If you get frustrated transferring files from the cloud to your desktop, Dropbox has revealed an interesting new feature that will make the transition from browsing a file on the Web to editing it on your PC just that little bit easier.
Let’s say you have a bunch of Excel documents stored in your Dropbox account. If you double-click on these files from the desktop version of Dropbox, it will open them directly in the relevant application on your desktop — because the file is already stored locally on the computer. But if you double-click the same files in the Web-based version of Dropbox, you’re given a preview pane, through which you can click to share or download to your machine.
Now, however, Dropbox is making the switch from the Web to your computer more seamless. With an automatic update that’s rolling out in the next few weeks, you’ll start seeing a new “Open” button when you click a file, assuming it exists in the locally stored Dropbox folder on your PC. You’ll then be taken directly to the file to read or edit it within the native application.
While this may seem like a relatively trivial update, it does in fact make the Web-based version of the service a lot more useful, as it saves you from having to create two versions of the same file by downloading it. It keeps everything nicely in sync.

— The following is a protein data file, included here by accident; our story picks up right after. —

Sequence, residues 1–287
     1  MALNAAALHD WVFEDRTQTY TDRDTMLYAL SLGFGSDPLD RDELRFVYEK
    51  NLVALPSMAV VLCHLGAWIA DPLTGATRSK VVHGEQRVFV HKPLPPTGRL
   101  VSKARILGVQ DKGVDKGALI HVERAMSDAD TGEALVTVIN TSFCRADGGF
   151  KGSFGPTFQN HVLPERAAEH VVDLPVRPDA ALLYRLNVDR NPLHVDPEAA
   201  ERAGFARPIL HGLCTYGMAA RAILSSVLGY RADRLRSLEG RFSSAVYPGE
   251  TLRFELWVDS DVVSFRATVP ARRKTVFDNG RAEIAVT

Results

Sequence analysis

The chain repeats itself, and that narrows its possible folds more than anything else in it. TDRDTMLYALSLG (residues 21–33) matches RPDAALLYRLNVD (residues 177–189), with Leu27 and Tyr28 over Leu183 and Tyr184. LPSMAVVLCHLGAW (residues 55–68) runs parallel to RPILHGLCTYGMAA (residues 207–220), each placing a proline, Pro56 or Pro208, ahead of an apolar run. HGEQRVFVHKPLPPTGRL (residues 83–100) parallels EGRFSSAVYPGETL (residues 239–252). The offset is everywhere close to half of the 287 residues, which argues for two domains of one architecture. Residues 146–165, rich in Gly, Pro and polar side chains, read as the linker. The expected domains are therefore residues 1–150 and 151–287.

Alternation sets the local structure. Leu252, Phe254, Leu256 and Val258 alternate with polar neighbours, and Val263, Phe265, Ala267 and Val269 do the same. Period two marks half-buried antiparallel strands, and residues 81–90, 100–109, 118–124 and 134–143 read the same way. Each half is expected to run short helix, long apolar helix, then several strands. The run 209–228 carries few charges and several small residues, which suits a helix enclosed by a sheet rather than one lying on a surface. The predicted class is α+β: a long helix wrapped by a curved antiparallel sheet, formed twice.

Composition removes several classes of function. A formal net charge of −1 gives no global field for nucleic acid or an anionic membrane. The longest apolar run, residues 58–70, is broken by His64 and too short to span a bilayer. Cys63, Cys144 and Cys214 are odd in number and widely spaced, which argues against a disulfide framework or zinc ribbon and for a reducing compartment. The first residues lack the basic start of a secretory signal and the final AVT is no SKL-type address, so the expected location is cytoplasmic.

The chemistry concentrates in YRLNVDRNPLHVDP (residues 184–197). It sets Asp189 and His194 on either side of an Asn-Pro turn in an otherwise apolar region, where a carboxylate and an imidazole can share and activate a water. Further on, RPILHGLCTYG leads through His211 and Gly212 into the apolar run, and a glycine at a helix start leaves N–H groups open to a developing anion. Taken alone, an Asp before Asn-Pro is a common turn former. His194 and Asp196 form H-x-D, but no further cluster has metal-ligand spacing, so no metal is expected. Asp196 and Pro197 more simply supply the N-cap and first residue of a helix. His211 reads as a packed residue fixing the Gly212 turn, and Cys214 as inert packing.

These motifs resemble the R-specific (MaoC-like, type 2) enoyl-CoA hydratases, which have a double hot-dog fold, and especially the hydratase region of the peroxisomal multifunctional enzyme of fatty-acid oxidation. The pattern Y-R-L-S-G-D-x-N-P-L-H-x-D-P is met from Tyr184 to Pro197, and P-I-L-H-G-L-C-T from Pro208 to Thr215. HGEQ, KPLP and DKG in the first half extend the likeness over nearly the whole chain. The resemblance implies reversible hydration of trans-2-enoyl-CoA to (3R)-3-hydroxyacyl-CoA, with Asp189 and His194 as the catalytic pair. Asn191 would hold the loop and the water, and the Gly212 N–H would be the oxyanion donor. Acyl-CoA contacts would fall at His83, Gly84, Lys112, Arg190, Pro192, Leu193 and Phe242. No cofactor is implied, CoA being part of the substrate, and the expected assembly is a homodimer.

Dropbox said that enabling this was a “technically challenging” endeavor, but given that 50 percent of Dropbox Web app users also use the desktop client, this feature really does make sense. This also echoes a move made by Google back in November, when it rolled out a new Chrome extension for doing exactly the same thing with Google Drive, so kudos to Dropbox for managing this without the need to install an extra add-on in your browser.
Meanwhile, if you can’t wait for the automatic Dropbox update to land, you can grab version 3.2.2 of the desktop client manually now.